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Now, gloves that can sing with you

Scientists have designed a pair of musical gloves that can sing a duet with you, but you have to wave your hand to let your unusual partner croon. The gloves manipulate computerised sound to mimic the human voice.

Hand gestures replicate the movements of real vocal chords, allowing the gloves to produce a complex range of sounds, said Sidney Fels, a researcher at the University of British Columbia in Vancouver, Canada, who led their development.  One problem is that, Fels says, it takes about 100 hours to learn how to play them.

“It’s very hard, it’s like trying to do your email while talking on the phone,” New Scientist quoted Fels as saying.

The working process is explained as: The right-hand glove contains motion sensors that detect the opening and closing of the wearer’s hand.  An open hand mimics the opening of the vocal tract, producing vowels, while a closed hand constricts the vocal tract to produce consonant sounds such as “sh” and “zz”.

Buttons on the left-hand glove activate stop consonants like “p” and “b”, normally produced by a sudden release of built-up pressure, which is difficult to simulate using the right-hand vocal tract controls.

A set of 3D position sensors on the right-hand glove locates the wearer’s hand in space, with different areas affecting pitch. A foot pedal controls volume.  The gloves were originally designed as a voice synthesiser to help people who have speech difficulties, but Fels and colleagues have now added the ability to sing.

Smokeless tobacco could help save lives
Replacing smoking products with e-cigarettes or modern, spit-free smokeless tobacco can greatly reduce risk of disease and death in smokers, say scientists. These products provide a much safer alternative for those smokers who are unable or unwilling to quit smoking because they continue to deliver nicotine without the harmful effect of smoking.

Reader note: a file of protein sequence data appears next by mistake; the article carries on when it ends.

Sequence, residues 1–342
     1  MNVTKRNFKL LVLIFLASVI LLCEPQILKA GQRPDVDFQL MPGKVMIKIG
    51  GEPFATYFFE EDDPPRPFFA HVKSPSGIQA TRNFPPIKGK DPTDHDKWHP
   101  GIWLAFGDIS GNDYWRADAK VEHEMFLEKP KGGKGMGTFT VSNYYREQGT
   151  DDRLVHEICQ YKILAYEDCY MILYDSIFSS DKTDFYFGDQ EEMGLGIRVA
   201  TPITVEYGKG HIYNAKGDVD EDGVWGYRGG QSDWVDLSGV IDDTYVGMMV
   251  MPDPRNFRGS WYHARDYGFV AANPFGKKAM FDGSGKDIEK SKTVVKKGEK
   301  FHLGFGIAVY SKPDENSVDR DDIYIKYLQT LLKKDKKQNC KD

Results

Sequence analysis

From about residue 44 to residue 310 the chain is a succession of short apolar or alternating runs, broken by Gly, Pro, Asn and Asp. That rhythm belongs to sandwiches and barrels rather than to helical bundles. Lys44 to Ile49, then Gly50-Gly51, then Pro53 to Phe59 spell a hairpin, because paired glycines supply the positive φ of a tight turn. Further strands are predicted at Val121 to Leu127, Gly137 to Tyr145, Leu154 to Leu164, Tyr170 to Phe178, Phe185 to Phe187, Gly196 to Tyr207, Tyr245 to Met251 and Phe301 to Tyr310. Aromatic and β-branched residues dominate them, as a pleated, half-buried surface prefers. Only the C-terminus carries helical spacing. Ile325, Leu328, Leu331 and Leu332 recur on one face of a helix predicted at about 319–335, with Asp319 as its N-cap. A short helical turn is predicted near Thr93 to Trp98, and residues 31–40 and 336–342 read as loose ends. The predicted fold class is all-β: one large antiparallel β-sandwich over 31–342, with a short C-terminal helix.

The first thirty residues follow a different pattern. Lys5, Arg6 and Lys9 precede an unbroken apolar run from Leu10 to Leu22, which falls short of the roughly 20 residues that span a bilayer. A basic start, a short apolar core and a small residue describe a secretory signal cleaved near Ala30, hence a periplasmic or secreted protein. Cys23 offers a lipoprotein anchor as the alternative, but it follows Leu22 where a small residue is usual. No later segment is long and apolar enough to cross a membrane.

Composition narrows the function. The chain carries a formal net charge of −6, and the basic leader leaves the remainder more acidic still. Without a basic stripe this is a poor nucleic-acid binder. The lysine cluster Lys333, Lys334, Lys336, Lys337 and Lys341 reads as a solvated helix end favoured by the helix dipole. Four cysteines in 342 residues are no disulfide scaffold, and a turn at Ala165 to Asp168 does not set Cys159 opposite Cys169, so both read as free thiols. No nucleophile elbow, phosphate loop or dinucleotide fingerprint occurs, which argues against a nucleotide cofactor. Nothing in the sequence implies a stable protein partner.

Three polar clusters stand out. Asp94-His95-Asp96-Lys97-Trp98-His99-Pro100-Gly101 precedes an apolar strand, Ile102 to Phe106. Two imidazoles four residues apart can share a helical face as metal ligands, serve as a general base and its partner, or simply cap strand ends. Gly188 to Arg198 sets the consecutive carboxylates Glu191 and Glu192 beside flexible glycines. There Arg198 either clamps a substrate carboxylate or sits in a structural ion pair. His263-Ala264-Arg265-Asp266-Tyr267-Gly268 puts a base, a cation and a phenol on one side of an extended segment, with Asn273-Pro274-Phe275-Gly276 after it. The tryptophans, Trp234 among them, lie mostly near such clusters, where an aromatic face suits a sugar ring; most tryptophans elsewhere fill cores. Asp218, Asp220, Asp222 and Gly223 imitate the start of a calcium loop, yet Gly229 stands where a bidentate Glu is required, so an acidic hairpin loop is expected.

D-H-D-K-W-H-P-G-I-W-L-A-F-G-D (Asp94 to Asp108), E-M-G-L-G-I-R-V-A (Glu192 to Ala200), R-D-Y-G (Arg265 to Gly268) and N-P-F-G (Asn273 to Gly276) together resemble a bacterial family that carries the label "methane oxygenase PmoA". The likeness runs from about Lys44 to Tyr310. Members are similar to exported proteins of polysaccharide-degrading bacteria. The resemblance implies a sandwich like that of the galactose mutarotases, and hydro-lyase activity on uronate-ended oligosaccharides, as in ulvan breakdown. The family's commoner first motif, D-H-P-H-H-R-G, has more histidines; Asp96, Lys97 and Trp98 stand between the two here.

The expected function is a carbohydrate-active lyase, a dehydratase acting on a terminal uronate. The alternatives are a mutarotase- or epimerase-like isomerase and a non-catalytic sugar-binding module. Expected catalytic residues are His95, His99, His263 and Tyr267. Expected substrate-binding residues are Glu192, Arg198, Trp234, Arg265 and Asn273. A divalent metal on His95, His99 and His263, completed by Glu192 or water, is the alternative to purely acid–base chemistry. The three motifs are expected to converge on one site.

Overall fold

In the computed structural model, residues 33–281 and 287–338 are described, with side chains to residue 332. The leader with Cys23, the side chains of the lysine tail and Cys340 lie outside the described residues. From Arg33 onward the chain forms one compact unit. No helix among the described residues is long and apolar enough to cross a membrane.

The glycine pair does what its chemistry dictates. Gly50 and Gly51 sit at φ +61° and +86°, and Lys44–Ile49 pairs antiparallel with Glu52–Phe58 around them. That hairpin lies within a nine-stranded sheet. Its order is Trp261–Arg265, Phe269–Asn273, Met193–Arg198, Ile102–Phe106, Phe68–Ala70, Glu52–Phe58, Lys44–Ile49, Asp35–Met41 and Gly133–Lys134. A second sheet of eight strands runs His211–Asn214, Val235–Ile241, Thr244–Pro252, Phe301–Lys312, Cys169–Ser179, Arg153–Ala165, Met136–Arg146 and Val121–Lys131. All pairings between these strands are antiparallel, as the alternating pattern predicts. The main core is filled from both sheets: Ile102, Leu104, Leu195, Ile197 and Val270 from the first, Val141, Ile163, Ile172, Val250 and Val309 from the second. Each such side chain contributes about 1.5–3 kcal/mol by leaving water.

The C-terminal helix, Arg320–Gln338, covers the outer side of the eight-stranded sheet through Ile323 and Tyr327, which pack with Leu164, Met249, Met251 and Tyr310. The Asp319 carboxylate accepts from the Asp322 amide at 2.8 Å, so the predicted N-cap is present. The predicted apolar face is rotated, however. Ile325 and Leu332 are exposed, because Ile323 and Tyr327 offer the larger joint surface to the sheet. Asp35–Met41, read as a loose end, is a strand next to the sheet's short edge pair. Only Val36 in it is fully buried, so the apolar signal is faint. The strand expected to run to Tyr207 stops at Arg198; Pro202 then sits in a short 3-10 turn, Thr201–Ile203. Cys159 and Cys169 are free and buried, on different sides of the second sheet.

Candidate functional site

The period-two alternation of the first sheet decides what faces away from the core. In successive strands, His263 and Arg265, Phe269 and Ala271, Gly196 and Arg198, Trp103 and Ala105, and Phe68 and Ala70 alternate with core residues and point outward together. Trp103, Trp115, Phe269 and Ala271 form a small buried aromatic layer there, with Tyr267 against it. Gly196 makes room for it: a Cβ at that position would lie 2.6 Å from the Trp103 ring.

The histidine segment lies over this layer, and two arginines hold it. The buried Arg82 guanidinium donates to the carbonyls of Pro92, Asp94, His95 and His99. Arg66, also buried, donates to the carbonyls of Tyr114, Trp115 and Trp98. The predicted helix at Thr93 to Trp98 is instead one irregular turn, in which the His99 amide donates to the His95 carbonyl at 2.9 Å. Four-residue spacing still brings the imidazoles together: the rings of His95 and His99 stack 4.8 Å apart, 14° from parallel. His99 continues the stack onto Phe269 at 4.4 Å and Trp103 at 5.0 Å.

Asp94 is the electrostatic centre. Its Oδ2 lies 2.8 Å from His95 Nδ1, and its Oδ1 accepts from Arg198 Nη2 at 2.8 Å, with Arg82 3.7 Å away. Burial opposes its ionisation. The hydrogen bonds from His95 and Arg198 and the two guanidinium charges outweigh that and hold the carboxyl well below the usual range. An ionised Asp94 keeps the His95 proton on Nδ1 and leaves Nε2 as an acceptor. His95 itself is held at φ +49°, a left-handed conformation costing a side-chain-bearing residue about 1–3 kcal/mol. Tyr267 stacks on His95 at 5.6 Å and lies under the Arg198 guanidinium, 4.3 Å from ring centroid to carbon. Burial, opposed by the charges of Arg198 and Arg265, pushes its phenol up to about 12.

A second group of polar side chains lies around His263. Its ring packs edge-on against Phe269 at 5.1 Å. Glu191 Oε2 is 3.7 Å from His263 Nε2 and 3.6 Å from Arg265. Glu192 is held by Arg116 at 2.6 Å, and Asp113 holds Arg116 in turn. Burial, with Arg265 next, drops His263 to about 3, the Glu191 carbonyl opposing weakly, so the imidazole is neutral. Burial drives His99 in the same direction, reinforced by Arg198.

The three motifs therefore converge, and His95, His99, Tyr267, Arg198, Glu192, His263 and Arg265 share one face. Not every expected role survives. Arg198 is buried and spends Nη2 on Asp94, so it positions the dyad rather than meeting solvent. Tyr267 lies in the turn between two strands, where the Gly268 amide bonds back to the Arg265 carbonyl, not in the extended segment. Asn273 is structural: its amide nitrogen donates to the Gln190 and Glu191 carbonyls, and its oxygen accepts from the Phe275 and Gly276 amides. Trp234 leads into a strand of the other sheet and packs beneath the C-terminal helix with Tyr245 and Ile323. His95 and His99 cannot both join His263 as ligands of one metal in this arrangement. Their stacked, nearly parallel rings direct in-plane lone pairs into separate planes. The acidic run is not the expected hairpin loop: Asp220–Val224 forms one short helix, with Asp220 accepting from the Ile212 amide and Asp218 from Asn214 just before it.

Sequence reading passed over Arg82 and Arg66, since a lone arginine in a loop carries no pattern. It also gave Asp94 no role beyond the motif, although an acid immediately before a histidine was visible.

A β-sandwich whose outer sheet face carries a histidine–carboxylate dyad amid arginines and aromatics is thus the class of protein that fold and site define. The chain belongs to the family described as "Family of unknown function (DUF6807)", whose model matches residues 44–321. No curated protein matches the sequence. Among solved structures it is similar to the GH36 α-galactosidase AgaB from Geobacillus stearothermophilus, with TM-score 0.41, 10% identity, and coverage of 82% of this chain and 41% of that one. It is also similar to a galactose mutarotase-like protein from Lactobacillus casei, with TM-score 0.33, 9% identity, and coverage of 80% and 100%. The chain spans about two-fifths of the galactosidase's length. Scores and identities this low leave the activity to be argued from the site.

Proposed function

That is the message of Brad Rodu, professor of medicine at the University of Louisville (UofL) School of Medicine and the Endowed Chair in Tobacco Harm Reduction at UofL’s James Graham Brown Cancer Center at an annual science meet. 

“Quit or die: That’s been the brutal message delivered to 45 million American smokers, and it has helped contribute to 4,43,000 deaths per year, according to statistics from the Centers for Disease Control and Prevention,” Rodu said.  “The truth, however, is that total nicotine and tobacco abstinence is unattainable and unnecessary for many smokers.
 “Nicotine is addictive, but it is not the cause of any smoking-related disease. Like caffeine, nicotine can be used safely by consumers,” he stated.

Rodu’s findings were based on his almost 20 years of research. While no tobacco product is completely safe, smokeless products have been shown to be 98 percent safer than cigarettes.

Driverless cars to zoom in streets with no stoplights
Traffic red lights will soon be a history, says a computer scientist who is developing virtual intersection systems for fully autonomous vehicles. 

According to Peter Stone, a professor of computer science at The University of Texas at Austin, intersections of the future will not need stop lights or stop signs, but will look like a somewhat chaotic flow of driverless, autonomous cars slipping past one another as they are managed by a virtual traffic controller.

“A future where sitting in the backseat of the car reading our newspaper while it drives us effortlessly through city streets and intersections is not that far away,” said Stone.
Stone’s research focuses on creating artificially intelligent (AI) computing systems, and he is developing some of the systems that are needed to make autonomous driving a reality.

For example, Stone and his students created an autonomous car, named Marvin, in cooperation with Austin Robot Technology that competed in the 2007 DARPA Urban Challenge competition.

Now, Stone is developing virtual intersection systems that will make auto travel safer and faster.

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